By Susan Pagani
As a food writer, I spend a healthy portion of my days thinking about what I will eat and drink next — but not worrying about it. These last few days have been an eye-opening lesson in food anxiety and the scrimping that results.
On Friday, I worried that I would make a mistake with the honey wheat bread recipe and ruin all that beautiful flour. And then, of course, what would I do for food? Once baked, I worried about cutting the slices too thick and running out before I’d made all my lunches and snacks.
On Saturday, I was worried about feeling hungry whilst working the Butterball Party — a fund-raising party of which we are the beneficiary — so I held my lunch until late afternoon and took dinner with me. Once at the party, I was determined not to eat my dinner because I knew we’d get out late and I was worried about trying to fall asleep at two o’clock in the morning on a grumbling stomach. On Sunday, I was exhausted from said party and drank several cups of my tea, worrying all the while — would I regret it at the end of the week? — but feeling my resolve to portion dissipate with every warm cup.
These past four days, I have been so parsimonious with my raisins that today I was able to put a heaping quarter cup on my cereal, no longer worried about the wee bag lasting seven days. The substantial feeling of chewing and chewing and chewing up all those raisins was as fleeting as their sweetness but wonderful.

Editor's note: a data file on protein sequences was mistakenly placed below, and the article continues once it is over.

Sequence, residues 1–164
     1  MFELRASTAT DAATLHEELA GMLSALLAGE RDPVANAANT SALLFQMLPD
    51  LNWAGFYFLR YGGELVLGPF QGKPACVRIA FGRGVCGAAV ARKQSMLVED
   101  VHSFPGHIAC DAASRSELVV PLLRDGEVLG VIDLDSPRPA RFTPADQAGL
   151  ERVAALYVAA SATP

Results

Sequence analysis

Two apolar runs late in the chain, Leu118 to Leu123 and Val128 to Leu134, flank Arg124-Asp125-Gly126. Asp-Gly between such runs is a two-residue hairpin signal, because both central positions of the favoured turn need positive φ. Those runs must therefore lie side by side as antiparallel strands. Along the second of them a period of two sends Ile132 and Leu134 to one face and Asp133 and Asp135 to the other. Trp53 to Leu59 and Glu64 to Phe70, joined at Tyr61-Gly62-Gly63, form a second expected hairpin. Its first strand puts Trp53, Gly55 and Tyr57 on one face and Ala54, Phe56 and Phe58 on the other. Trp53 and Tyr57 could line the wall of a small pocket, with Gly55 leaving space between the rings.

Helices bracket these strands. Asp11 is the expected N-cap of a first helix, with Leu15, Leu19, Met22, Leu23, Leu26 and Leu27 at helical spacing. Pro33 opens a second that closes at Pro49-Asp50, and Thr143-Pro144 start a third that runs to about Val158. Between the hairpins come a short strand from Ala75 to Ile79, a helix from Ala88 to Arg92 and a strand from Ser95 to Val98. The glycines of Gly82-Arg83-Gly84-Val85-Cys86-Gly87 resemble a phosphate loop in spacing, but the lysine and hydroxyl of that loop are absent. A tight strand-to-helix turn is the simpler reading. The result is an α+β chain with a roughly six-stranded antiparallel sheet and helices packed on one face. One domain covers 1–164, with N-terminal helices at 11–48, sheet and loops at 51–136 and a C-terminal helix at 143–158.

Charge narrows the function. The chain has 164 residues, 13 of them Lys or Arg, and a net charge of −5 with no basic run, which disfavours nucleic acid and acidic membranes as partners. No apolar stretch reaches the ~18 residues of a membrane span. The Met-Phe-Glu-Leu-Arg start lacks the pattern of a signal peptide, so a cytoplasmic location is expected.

But for all that worry, have I been hungry? Yes and no. I certainly haven’t been starving, but I have felt the kind of nagging hunger that makes it hard to focus on work and easy to obsess about food. I’m eating really good food, but not quite enough of it. I’ve also made some poor choices in my shopping that have contributed to my hunger. For example, the bread was lovely and tasted delicious, but it didn’t provide a lot of protein, and I couldn’t afford spreadable or sliceable proteins to put on it — or even fat, for that matter. So, an hour or two later, I’m thinking about food again.
However, I was able to take a loaf of the bread to a brunch with friends. I felt good setting it on the table with the other food — a bowl of apples, a sun-dried tomato frittata (12 eggs, 4 people, the luxury!), butter and endless cups of coffee. For a seven-day food justice experiment, the choice to eat a few lean meals in order to have food to take to a potluck is an easy one. Long term, I know I’d have to swap that loaf of bread for a bag of beans or a cup of peanut butter. Yet, without the bread, would I feel comfortable going to a friend’s house for a meal with nothing to contribute?
Later this week, I’ll be sharing the Thanksgiving meal with some very dear friends. I am so thankful, not only for all the delicious food I will eat, but also for the food I will be able to share with peace of mind, not worrying about portions or where my next meal is going to come from.